Travel agents approach govt for refunds; ministry tells airlines to find solutions

Mumbai: Travel agents from across the country have asked the government to mandate airlines to refund cash deposits worth hundreds of crores for which no tickets were issued. Top officials from the ministry of civil aviation met commercial chiefs of Indian carriers on Thursday and directed them to find solutions. […]

Mumbai: Travel agents from across the country have asked the government to mandate airlines to refund cash deposits worth hundreds of crores for which no tickets were issued.

Top officials from the ministry of civil aviation met commercial chiefs of Indian carriers on Thursday and directed them to find solutions. The officials met CEOs on Wednesday. Another meeting will be held on Friday.

Agents have also raised issues on credit shells that airlines are giving for cancelled tickets and have instead, asked for cash refunds.

Indian airlines suspended all flights from March 24 after the nation went into a state of complete lockdown to curb the spread of the deadly Coronavirus pandemic.

India has around 50,000 travel agents of which 15-20 are big consolidators. About 75%-80% of air tickets in the country are booked via agents.

Travel agents deposit lumpsum amounts with airlines against which they issue air tickets to passengers. Bigger consolidators such as Riya Travels—who also sell smaller agents across the country—deposit daily amounts of Rs 5-6 crore while agents from smaller towns deposit about Rs 50,000-Rs 80,000. Agents have over Rs 300 crore deposited in these so called float accounts. No tickets were issued on these.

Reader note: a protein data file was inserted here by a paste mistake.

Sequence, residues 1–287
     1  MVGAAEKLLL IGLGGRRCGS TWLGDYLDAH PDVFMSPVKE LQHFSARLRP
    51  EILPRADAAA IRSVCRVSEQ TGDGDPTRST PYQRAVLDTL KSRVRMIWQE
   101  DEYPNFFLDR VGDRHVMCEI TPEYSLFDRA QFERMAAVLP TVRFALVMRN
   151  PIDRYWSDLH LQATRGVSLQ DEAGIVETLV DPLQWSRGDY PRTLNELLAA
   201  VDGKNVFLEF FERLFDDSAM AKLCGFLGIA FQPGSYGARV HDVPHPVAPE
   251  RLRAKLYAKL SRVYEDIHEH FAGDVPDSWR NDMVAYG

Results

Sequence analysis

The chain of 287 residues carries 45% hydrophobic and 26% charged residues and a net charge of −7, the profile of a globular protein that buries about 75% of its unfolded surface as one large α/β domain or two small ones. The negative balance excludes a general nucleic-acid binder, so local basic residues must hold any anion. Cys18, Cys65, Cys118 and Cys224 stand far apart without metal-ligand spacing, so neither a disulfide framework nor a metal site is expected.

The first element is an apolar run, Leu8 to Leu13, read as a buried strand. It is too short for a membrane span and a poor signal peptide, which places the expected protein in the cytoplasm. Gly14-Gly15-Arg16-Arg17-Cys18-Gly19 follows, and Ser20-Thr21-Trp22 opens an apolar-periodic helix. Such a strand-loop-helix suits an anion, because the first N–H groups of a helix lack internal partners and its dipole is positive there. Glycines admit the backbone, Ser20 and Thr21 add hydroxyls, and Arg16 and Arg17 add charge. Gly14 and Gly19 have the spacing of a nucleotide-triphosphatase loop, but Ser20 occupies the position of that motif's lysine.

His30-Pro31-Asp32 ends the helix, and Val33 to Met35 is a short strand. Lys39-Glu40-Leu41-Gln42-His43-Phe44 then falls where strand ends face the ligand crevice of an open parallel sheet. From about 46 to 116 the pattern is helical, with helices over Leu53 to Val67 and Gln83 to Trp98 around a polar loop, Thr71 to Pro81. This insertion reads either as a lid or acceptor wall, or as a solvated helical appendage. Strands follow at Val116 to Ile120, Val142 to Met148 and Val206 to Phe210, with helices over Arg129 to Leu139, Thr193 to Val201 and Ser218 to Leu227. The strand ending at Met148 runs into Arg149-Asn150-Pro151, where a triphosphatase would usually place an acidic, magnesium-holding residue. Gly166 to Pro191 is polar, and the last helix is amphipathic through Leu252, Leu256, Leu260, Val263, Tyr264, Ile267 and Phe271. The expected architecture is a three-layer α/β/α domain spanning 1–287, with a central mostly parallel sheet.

The other problem is on tickets that were issued and then cancelled due to the nationwide suspension of flights. Airlines in India, like their global peers, have given credit shells to passengers which they can utilise for travel once flights resume. The PNR is kept alive for a year.

Since the largest chunk of these are booked through agents, they are now demanding cash refunds instead of the shells.

“A lot of passengers have booked via agents but they have themselves got the shells. A huge chunk of corporates have booked via us. They make payments to us later while we have to make advance or upfront payments. So we lose a lot of money,” said Manoj Samuel, executive director at Riya Travels.

ET reported on April 11 that airlines have sold Rs 6,000 crore worth of tickets before the lockdown and are surviving on that cash.

Officials from the ministry met airline CEOs on Wednesday and discussed the issue of refunds.

“The catch is that if refunds are given to travel agents, a lot of them will use them for their own survival and it will never reach passengers. In a way, the money is more secure and traceable if it’s hoarded by airlines,” said a senior executive at a travel agent.

“We have told the officials that credit shells are going to be the norm. Not only can they be used for a year, fresh tickets can be booked on that shell beyond that period too,” said a senior airline executive who didn’t want to be named.

Source Article

Lois C. Ferrara

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